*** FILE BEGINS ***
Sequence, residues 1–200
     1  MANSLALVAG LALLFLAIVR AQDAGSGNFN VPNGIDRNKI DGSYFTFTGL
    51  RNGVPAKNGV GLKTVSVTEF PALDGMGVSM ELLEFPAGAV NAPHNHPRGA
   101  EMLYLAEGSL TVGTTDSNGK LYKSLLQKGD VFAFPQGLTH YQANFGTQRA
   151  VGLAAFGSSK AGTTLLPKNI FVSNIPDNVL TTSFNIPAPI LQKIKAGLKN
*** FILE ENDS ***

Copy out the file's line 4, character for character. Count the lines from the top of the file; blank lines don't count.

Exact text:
   101  EMLYLAEGSL TVGTTDSNGK LYKSLLQKGD VFAFPQGLTH YQANFGTQRA